Nazarbayev Is “Redesigning” the Power Centers

In our recently-published article A Test for Mightiness, we have drawn the readers’ attention to the fact that Nursultan Nazarbayev had moved National Welfare Fund Samruk-Kazyna away from the direct subordination to the government and now wants to transform it into an extra-constitutional economic body directly subordinated to him.

This initiative seems all the more significant after January 18, 2019, when Nursultan Nazarbayev, in the course of his visit to Smart Aqkol, indicated in what way he wished to govern the country. Here is what he said according to

“The task that I have always visualized is to manage Kazakhstan as they manage a company or enterprise, from a single center. Here you have concentrated management, and everyone acknowledges it as an advantage. It is not an idle talk of who will do what and where but a vertical, concrete, rigid control that gives good results in the economic and other ways”, says Nazarbayev”.

These, in our opinion, quite sincere albeit offensive to many words are now being discussed rather actively on social media. Note that Akorda’s official website presents the President’s words in a more correct, smooth version. Here is a quote.

“I have always pursued the task of ensuring the efficient governance of the state. The concentrated management decisions provide good results for the economy”, said Nursultan Nazarbayev”.

Unfortunately, a word spoken is past recalling. Therefore, we confirm our predictions.

Presidential Decree 816 of December 27, 2018 “On the Changes to Presidential Decree 1116 of December 6, 2010 on the Samruk-Kazyna National Welfare Fund Management Council” is no ordinary red-tape document. It is a strategic plot to transform Samruk-Kazyna into the tool with which Nursultan Nazarbayev will personally try to solve the tasks related to the development and improvement of the national economy whilst the government will be left in charge of handling the routine operations.

We do not know who the author of this idea is. Most likely, as per Kazakhstan’s usual practice, it was a result of the combined efforts of many people guided by different motivations. But it is Nursultan Nazarbayev and his nephew Akhmetzhan Esimov appointed the Head of Samruk-Kazyna on December 23, 2017, that will become the main beneficiaries of the initiative.

In our opinion, in the course of the past two years, Nazarbayev has been trying to redesign the authoritarian political system and the super-Presidential vertical both of which have generally become obsolete and turned into a suitcase without a handle (difficult to carry but hard to part with it). However, since his main task for today and tomorrow is not only to hold on to the power but also not to allow for its weakening, the President is in no position to conduct any political reforms apart from the purely decorative ones.

In other words, the irreplaceable President must act in an extremely limited space. Presumably, it is for this reason that he has decided to attempt some kind of “perestroika” in order to enhance the competition inside the local elite and the state apparatus. In doing so, he is probably hoping to force his allies and subordinates to move with more energy and achieve good results while not forgetting that they are always under the control of the Leader of the Nation himself.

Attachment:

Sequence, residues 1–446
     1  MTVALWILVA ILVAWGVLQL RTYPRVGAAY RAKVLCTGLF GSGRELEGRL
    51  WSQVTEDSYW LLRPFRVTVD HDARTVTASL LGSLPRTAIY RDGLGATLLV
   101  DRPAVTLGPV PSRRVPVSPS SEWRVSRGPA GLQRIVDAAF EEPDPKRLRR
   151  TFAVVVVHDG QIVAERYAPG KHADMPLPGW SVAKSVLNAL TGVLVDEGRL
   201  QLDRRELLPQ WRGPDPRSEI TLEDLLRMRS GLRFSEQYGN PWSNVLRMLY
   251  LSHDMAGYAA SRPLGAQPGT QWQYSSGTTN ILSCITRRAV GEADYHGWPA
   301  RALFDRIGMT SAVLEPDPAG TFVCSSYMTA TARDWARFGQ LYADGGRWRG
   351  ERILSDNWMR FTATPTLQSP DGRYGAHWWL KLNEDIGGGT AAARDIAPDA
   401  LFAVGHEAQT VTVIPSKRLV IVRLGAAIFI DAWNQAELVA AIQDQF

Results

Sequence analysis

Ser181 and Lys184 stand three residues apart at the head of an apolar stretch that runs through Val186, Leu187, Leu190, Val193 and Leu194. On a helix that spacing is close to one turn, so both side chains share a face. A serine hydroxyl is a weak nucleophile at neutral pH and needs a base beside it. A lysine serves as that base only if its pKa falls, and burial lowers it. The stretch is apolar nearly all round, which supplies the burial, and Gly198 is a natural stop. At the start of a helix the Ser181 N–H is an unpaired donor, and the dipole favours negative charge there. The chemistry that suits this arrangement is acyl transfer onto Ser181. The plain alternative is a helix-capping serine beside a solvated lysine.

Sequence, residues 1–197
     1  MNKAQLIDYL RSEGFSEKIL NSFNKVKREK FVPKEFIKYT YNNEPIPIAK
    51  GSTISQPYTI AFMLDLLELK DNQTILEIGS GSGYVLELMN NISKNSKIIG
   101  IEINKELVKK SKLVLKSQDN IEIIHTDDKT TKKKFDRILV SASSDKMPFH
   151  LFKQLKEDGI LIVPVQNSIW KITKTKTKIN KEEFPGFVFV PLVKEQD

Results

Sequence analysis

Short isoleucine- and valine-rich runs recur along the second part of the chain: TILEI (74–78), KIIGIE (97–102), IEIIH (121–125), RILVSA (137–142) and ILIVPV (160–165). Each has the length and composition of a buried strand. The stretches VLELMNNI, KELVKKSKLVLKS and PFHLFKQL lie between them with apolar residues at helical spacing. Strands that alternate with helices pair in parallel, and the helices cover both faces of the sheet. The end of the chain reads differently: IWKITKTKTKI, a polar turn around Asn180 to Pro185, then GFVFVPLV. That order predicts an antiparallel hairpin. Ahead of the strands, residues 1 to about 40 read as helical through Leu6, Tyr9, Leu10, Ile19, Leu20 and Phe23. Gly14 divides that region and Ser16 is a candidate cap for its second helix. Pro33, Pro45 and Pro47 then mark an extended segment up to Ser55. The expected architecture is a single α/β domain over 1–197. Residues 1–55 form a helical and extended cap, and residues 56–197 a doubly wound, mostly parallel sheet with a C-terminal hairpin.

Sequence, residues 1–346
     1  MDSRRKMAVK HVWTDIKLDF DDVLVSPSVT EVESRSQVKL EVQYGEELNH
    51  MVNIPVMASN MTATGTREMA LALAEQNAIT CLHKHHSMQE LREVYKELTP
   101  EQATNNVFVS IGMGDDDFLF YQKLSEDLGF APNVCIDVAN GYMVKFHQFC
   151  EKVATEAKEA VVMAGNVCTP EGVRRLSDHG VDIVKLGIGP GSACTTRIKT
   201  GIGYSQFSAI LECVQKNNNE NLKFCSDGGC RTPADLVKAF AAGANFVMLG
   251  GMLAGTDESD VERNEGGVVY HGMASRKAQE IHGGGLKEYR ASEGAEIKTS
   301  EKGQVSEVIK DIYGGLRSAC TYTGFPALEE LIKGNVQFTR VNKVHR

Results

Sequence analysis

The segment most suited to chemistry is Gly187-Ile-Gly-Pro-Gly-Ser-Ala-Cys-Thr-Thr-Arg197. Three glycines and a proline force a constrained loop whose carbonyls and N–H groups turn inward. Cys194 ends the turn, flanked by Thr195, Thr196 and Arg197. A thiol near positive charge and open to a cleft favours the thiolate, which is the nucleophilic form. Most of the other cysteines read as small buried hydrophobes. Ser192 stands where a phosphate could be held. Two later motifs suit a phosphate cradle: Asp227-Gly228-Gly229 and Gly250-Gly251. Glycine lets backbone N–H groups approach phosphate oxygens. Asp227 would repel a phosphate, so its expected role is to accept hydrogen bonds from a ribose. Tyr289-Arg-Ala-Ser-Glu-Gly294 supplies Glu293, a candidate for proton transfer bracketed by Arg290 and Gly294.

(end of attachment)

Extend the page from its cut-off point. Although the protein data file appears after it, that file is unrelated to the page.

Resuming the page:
For the past two years, in the course of implementing these intentions, the Presidential Administration has been divided into two independent agencies – the actual Administration and the Security Council. Note that the latter, thanks to the latest legislative amendments, has become a constitutional authority.

Now Samruk-Kazyna has received the same kind of independence from the government. What is important is that both the Security Council and the Samruk-Kazyna Management Council are chaired by the President personally.

Since Nursultan Nazarbayev possesses a practically limitless power, we can safely assume that the consulting advisory status of these agencies is nothing but a smokescreen designed to draw attention away. Thus, inside of the state mechanism, the President is designing something that, de-facto, closely resembles a political opposition in its tasks and authorities, the opposition that, at the same time, exists under the direct control of the President himself.

It is important to note that this is not the first and probably not the last attempt of this kind in the post-Soviet history. Suffice it to recall the oprichnina of the times of Ivan the Terrible. The thing is, of course, that such actions bring only temporary results. Moreover, as a rule, they lead to the disorganizing of the state apparatus while allowing for the implementation of the “divide et impera” principle to the fullest.

So, we will observe how Nursultan Nazarbayev launches and employs the mechanism of the internal state competition with great interest. We will also follow its consequences since we highly doubt that, in the Kazakh context, the initiative is to bring positive results. Rather, it may serve as yet another reason for escalating the conflict among the elite.


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